If you are like me, you probably have one part of your body (or maybe several parts) that you would like to change. Maybe it’s your weight, your height, your hair, or something about your face. To make it worse, our culture bombards us daily with images of beautiful, well-built people. But in heaven, there will be no fad diets, no Weight Watchers, no aerobics, no exercise bikes, no personal trainers, no physical therapists, no stair masters, no weight rooms, no saunas, no jogging tracks, no low-fat foods, no diet drinks, and no plastic surgeons. God will give every one of His children a glorious, unique, diverse, perfect new body at the resurrection that will never fail or disappoint them.


Fortunately, our resurrection bodies will be extremely powerful. We will never grow weary or weak. Can you imagine not having to sleep throughout all eternity? Since there will be no need to nap, we will never again have to toss and turn on lumpy mattresses. Wives will not have to listen to their husband snoring anymore. No more insomnia, sleeping pills, or alarm clocks, either. Our way of life will be radically different than our lifestyles here on earth.


Change #4: Natural to Spiritual. When Paul states that our resurrection bodies will be spiritual, he does not mean like Casper the friendly ghost. This refers to the type of body we will have. When the disciples saw Jesus after He was resurrected, they thought they had seen a ghost. Jesus assured them, “A spirit does not have flesh and bones as you see that I have” (Luke 24:39). Jesus did not become a spirit, but was raised with a spiritual body. In heaven we will not be “spirits,” but we will have spiritual bodies. After Jesus died and rose from the dead, He didn’t have two bodies, one natural and another spiritual. He had one body—a natural body that had been transformed into a virtual body. Jesus showed His disciples the marks of the nails in His hands and feet and the wounds in His side that proved it was the same body. That body had undergone a radical change. Similarly, when you are resurrected your body also will be changed and perfected.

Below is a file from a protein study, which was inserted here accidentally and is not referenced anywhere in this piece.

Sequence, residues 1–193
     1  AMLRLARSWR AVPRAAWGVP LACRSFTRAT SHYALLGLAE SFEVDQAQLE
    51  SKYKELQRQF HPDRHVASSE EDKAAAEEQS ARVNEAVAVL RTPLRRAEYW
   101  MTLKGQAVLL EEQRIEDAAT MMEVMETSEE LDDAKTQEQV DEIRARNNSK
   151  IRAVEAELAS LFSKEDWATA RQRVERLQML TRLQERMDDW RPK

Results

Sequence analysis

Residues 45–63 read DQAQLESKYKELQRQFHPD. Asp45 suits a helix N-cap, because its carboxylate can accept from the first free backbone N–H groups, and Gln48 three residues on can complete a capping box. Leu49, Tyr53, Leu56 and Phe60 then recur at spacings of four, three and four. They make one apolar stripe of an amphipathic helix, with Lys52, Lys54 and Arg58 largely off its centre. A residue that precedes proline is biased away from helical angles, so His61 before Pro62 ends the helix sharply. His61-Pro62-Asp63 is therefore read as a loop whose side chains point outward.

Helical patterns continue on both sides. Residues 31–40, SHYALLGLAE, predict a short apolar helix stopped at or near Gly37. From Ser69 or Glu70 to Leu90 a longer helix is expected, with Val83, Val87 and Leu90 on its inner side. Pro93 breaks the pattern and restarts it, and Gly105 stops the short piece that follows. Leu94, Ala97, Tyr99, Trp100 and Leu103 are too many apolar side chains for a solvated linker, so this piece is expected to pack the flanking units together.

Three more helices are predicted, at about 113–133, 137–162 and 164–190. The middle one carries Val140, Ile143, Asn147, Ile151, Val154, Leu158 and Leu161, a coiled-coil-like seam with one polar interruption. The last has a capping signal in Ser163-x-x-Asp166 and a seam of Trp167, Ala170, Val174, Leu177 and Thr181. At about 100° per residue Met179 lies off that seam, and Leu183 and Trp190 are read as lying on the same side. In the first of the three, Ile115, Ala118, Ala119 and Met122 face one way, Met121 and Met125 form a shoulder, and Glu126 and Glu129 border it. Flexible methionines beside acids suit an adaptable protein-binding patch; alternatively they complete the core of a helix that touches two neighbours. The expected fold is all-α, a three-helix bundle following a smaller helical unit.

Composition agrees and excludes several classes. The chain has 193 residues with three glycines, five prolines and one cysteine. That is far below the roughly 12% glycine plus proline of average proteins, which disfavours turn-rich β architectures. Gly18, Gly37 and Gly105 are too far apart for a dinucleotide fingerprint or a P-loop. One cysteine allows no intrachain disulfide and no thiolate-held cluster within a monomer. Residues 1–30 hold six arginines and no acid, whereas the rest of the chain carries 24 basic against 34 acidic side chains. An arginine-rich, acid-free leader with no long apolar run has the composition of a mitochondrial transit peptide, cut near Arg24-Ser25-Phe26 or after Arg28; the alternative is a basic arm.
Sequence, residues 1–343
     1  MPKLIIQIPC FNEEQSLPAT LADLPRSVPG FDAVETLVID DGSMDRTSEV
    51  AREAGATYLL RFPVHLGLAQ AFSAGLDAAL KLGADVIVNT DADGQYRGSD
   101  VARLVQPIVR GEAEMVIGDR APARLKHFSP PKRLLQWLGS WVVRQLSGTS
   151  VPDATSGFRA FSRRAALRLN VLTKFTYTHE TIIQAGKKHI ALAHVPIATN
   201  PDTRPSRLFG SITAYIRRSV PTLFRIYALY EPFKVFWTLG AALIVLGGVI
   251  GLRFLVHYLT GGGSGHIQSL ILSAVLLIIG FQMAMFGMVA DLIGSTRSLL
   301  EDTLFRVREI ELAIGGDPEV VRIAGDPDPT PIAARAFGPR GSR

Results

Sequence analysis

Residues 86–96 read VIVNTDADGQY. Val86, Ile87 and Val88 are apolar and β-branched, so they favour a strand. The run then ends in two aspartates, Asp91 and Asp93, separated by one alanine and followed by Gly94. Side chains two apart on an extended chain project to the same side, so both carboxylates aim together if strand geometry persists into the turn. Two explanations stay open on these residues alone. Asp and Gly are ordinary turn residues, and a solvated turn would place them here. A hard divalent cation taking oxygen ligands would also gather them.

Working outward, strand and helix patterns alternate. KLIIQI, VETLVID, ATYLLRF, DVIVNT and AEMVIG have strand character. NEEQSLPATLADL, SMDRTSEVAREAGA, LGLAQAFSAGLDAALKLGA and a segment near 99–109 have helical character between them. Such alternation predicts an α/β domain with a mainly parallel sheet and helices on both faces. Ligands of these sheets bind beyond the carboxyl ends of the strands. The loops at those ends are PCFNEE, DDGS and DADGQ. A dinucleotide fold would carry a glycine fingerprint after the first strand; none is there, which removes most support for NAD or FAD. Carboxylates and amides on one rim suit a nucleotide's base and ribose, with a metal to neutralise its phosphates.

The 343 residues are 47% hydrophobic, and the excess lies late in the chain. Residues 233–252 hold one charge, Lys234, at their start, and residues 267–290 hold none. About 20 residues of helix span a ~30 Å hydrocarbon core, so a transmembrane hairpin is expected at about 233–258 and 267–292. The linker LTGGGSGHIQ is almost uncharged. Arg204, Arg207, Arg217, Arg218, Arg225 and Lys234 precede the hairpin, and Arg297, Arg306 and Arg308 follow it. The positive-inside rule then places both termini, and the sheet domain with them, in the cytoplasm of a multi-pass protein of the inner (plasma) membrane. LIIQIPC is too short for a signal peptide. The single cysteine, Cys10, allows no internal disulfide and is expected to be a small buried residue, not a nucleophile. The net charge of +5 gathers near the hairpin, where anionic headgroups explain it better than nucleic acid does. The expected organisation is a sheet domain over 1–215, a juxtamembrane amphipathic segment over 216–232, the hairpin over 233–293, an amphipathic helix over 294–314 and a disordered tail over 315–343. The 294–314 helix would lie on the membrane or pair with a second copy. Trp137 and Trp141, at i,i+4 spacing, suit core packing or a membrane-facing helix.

If you watch infomercials or read magazines you will see astounding “Before-and-After” photographs. The question is: how did this happen? Obviously, exercise and diet are capable of transforming individuals. Yet, the same person exists in the revolutionized earth suit. Moreover, I like to believe that this indicates our resurrection bodies will be so wonderful and glorious that it will be exactly what we’ve always dreamed of in a body. It will never disappoint us.